Olympic ice skating champion Dorothy Hamill, doe-eyed and with her characteristic chestnut bob, holding up an ice skate. Iconic fashion designer and Durham native Andre Leon Talley—now editor-at-large for Vogue—almost unrecognizable in black and white, circa 1980, wearing a Christmas sweater. A youthful Bianca Jagger, bare-shouldered and sporting bright red lipstick, pouting for Andy Warhol’s Big Shot Polaroid camera.
The images on display in the Nasher Museum of Art as part of Big Shots: Andy Warhol Polaroids are a titillating glimpse into the social life of pop art titan Andy Warhol, and the mystique of fame, glamor and celebrity excess of his heyday.
Thirty-seven thousand visitors have passed through the Nasher to see the exhibit between its Nov. 12 opening and Feb. 14, said Wendy Livingston, manager of marketing and communications. It will be on display until Sunday.
At first glance, Big Shots seems to have little to do with thriftiness. But strangely enough, the show—a collaboration between the Nasher, the Ackland Art Museum at the University of North Carolina at Chapel Hill and the Weatherspoon Art Museum at the University of North Carolina at Greensboro—was born at least in part out of the need to do more with less in lean times. Even the high-brow world of art has been touched by financial concerns.
In 2007, the Andy Warhol Foundation for the Visual Arts, in celebration of its 20th anniversary, launched its Andy Warhol Photographic Legacy project, presenting each of 180 colleges and universities around the country with approximately 150 Polaroid photographs and black and white gelatin prints taken by Warhol between 1970 and 1987—including the Nasher, the Ackland and the Weatherspoon.
After receiving the gifts, the curators at all three institutions decided to pool their resources to create the Big Shots exhibit—a move that would allow all three museums to put on a high star-power show from a big-name artist while minimizing costs to each. After its run at the Nasher, Big Shots will travel to Greensboro this summer and be on display from June 6 to Sept. 19, and will finish off the year in Chapel Hill, from Oct. 2 to Jan. 2.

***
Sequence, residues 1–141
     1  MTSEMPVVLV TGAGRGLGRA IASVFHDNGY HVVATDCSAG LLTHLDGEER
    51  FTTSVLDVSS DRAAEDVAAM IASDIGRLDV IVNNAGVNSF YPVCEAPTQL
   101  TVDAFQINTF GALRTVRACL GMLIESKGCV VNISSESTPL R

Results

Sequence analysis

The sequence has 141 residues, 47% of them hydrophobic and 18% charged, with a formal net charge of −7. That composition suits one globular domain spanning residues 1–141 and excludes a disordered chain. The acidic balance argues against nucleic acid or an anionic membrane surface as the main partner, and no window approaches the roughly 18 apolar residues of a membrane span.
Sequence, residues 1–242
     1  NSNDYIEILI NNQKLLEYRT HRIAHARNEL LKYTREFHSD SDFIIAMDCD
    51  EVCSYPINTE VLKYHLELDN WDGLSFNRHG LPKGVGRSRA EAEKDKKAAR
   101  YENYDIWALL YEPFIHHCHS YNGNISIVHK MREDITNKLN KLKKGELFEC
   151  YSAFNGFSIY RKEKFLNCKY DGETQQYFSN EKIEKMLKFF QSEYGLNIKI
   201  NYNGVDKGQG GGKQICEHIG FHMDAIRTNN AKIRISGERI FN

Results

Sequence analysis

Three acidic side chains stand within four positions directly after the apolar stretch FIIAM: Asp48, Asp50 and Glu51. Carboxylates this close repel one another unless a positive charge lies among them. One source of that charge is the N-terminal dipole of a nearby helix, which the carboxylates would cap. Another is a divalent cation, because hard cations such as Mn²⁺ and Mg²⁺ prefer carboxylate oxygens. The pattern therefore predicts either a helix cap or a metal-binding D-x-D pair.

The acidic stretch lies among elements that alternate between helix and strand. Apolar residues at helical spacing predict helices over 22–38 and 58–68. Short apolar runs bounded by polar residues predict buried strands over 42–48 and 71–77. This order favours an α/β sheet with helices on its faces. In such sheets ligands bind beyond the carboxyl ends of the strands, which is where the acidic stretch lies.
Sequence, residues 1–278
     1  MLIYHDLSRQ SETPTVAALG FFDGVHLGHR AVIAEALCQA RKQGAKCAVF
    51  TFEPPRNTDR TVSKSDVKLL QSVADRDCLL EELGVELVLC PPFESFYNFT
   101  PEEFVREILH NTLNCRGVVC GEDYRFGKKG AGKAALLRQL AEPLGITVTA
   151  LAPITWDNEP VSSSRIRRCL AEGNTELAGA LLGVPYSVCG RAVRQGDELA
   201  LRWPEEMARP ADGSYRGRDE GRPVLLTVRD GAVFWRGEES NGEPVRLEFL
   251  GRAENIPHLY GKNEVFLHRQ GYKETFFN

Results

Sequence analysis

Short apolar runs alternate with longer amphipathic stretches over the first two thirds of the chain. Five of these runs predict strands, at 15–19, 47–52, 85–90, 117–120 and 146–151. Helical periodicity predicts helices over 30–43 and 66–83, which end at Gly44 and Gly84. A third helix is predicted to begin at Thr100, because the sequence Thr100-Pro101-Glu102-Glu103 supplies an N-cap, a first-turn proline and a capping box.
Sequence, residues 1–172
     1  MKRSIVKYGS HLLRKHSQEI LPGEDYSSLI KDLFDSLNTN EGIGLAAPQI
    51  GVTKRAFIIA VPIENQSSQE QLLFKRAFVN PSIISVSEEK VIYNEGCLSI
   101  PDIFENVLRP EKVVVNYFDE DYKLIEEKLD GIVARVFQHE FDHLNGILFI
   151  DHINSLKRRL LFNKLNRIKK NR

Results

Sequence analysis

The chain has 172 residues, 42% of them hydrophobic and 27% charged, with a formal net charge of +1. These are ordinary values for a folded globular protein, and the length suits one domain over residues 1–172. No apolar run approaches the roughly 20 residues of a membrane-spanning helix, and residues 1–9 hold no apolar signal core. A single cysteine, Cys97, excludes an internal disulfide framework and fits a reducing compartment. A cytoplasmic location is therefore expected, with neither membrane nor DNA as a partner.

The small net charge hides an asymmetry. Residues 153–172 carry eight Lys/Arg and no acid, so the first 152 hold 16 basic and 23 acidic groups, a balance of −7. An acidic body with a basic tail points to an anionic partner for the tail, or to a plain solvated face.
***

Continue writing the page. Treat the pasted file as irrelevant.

“We decided the exhibit would be richer and bigger than if we each exhibited our own individually,” said Kimerly Rorschach, director of the Nasher. “The exhibition doesn’t include everything we received, but we picked the most interesting ones that told the most complete story of Warhol’s work.”
Organizers from all three museums agreed that the collaboration adds a depth and breadth to the exhibit that may have been missing if each had only drawn from its own collection.
“It seemed like a natural thing. We had been talking for some time about ways to collaborate,” said Elaine Gustafson, curator of collections at the Weatherspoon. “We’d all received these gifts of Warhol and we were all required to exhibit them as part of the gift agreement.”
The partnership between three academic art institutions, all within an hour of each other, may not have happened had cost-effectiveness not come to the forefront of the curator’s minds.
“We’ve never done that before. Usually we think in terms of marketing. We don’t really feel that we necessarily compete with these other institutions,” Livingston said. “We feel like they are great art museums and they help to create a good arts scene around the Triangle, but usually we think of collaborating with institutions in completely different markets. But because of the economy, we knew that it would be less expensive to collaborate with these institutions and we’d thought we’d give it a try.”
Indeed, the crunch of economic concerns can be seen in other places in the exhibit—multiple Polaroids are framed together in an effort to save on expenses.
“The economic issues caused us to be more creative in different ways,” said Emily Kass, director of the Ackland. “If the money was flowing and the endowments were booming, we’d be looking farther, to more lavish institutions but all of us have really decided—being so uncertain—to really be cautious and prudent about what we do.”
But the curators involved in organizing the exhibit said financial constraints were a blessing in disguise, allowing the three institutions to do something they had never done before, and allowing a North Carolina audience to see the exhibit in three different ways.
“[Our recent shows] are superstars of the art world, but this is all original research and original presentation,” said Trevor Schoonmaker, curator for contemporary art at the Nasher and one of the chief organizers of Big Shots. “Instead of just having a huge Picasso painting show that people can see at the MoMA or a show that is Warhol’s greatest hits—which is also very expensive and difficult to get the loans for—this enables us to do this in a way that’s new but that’s also now part of our collection. It allows us to collaborate with two other regional museums that we never get to collaborate with because they’re so close. So it’s a great opportunity.”
In addition, the three institutions are working to put their own individual spin on the exhibits. The entrance to the exhibit of the Nasher iteration, for example, uniquely features Warhol’s paintings of the wife and three daughters of Raymond Nasher—the museum’s namesake—next to their accompanying Polaroids.
Curators emphasized the value of Big Shots lies in its ability to offer insight into the creative process of a superstar artist. Indeed, Warhol’s Polaroids served as his preliminary sketches before he turned to the final product. Most of the Polaroids have never been seen before.
“We’re all teaching institutions, and it really shows Warhol’s work in progress and how he flows an idea into a final product,” Gustafson said. “It’s an excellent teaching tool.”
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